About 150 works comprise the Samuel and Mary R. Bancroft Jr. Collection of Pre-Raphaelite Art. Asked for a favorite, Rice demurred, “That would be like a mother choosing among her children.”

Ruby Slippers—and Tuxes
Crimson, garnet, red. Whatever you call that visceral color, The Ruby Anniversary of the Brandywine Conservancy (formed in 1967) practically sent a message that said “You go, gang!” to those enamoured of theme dressing. And why not, since the special occasion was a masked ball? Frolic Weymouth—the conservancy’s founder—was  front-and-center in the museum’s courtyard, wearing a top hat and red sequined Mummers’ coat, festooned in feathers, that one guest described as “very Elton John.” Frolic always shines in the spotlight, and this time his flair evidently inspired guys to follow suit, fashion-wise. There was Nathan Hayward, a party benefactor, in a red fedora, red sunglasses and a red velvet suit with zebra-striped lapels. Brett Jones, outgoing president of Young Friends of the Brandywine, glued red sequins on his shoes and converted his tux into a red-sequined jacket with a helping hand from the family babysitter. Tinted red lighting illuminated the 773 revelers. And, if you want to stretch that color motif into culinary pleasures, shrimp salad, salmon and a crepe enhanced the theme.

Crabby for a Cause
Crab cakes are always a crowd pleaser, and fans of that particular crustacean had plenty to feast on at the Celebrity Chefs’ Beach Brunch held (where else?) at Crabbers Cove in Ruddertowne. Jennifer Robino of Rehoboth Beach—chic in a fluttery, scarf-print tunic over pants—and her mother, Snookie Kennedy of Dover, decked out in turquoise jewelry, munched on lobster-crab cakes by Blair White & Shelly Wooters, the culinary whizzes at Victoria’s at the Boardwalk Plaza. Busy Jen, a fixture on the black-tie scene, had just added chair of the Sussex County Heart Ball in February to her benefit dossier. “When she was little, she used to lead parades,” Snookie said. Cindy DelGiorno, new wife of Wilmington filmmaker Gordon DelGiorno, praised Victoria’s pan-seared crabcakes, too. “I better say I like them, because we’re getting married in a week and I don’t want any friction,” Gordon joked. Meanwhile, William S. “Bill” Lee moved in on the lamb loin with wild mushroom risotto from Atlantic Seafood Grille. This complicated further choices. “By the time I got to the crabcakes, I was full. Then I had to go downstairs for some gelato to settle my stomach,” Bill said.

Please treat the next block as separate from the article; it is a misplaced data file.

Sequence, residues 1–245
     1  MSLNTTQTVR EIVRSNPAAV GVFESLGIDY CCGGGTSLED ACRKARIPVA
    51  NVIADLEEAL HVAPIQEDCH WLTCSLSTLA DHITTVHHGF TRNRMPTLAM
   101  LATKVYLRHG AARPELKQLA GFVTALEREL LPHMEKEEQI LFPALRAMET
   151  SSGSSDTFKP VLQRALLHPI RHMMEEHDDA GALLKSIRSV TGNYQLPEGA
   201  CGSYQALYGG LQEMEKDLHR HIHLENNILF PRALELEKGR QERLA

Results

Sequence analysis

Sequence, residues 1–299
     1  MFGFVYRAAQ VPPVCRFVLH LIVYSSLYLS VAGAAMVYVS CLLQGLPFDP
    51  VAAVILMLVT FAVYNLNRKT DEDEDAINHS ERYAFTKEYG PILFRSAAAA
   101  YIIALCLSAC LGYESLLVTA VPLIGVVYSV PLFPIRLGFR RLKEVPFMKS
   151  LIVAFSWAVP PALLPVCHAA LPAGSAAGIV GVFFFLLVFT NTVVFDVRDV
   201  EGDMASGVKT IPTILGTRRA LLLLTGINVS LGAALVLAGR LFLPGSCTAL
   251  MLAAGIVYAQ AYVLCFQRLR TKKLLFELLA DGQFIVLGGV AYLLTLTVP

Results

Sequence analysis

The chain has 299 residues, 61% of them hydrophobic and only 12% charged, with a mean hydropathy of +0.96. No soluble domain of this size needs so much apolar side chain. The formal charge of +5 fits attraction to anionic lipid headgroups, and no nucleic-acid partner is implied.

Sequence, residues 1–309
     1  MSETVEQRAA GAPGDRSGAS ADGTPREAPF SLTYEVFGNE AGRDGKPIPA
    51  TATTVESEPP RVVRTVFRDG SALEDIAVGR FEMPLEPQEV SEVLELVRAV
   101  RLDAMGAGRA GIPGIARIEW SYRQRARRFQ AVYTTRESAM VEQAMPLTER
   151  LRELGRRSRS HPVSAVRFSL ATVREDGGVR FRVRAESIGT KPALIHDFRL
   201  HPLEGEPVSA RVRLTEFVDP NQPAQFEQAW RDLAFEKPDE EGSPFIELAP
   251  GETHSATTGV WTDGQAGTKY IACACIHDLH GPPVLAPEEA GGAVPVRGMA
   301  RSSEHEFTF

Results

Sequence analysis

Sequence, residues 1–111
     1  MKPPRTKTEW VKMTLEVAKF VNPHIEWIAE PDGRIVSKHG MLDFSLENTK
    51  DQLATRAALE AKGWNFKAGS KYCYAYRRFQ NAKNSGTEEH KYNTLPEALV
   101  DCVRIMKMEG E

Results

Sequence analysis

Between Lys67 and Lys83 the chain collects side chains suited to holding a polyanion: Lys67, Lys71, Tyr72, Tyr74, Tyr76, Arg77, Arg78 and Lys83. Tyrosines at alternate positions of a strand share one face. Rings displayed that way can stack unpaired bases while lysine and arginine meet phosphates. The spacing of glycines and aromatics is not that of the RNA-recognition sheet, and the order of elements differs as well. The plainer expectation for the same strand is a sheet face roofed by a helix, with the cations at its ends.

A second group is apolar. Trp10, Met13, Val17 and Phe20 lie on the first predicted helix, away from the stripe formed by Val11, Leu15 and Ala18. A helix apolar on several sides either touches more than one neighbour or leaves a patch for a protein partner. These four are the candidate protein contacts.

Jennifer Melvin and Brian Tharan and Margot and Tom Williams, Wilmingtonians all, turned out to share similar food preferences. Scrambled eggs with goat cheese and nasturtiums by David Lynch of Classic Catering got their vote. So did the chocolate-covered cherries served by Rocky Mountain Chocolate Factory. “Once I did the chocolate-covered cherries, it was over for me,” Margot raved. Maybe Gabby, who hates chocolate-covered cherries, should have tried one.

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A River Runs Through It
“Hey, is this the Delaware table?” asked  Bob Tudor, of the Delaware River Basin Commission, as he stopped by en route to dessert at the Experience the Estuary Celebration. Sure ’nuff, hands went up, including those of Joanne Ruft and Nancy Parker, retirees of Artesian Water Co. in Newark, and Alfred Taylor, who grew up at 7 Red Oak Road near Rockford Park. “It was a different neighborhood back then. People weren’t as into landscaping. They let their dogs roam free,” reminisced Alfred, who now heads Greenspire Associates in

Kennett Square


“The Delaware: A Living River, A Working River” was the theme of the fundraiser for the Partnership for the Delaware Estuary. Almost 400 supporters basked in the stunning party site: the neoclassical Turbine Hall, which dominates the rehabilitated  Wharf at Rivertown overlooking the Delaware in Chester, Pennsylvania. Turtles were the silent auction’s artistic theme. Corporate sponsors pitched in galore. So why doesn’t the partnership enjoy the same high profile as similar non-profits here?

According to interim executive director Jennifer Adkins, “We would love to have a heightened awareness of the estuary. We do our best to get the word out, but the Delaware Bay and the Delaware River are better known.” Folks, thump that tub. More than 200 species of fish and the world’s largest breeding population of horseshoe crabs will thank you.

Ta-ta, ’til next time.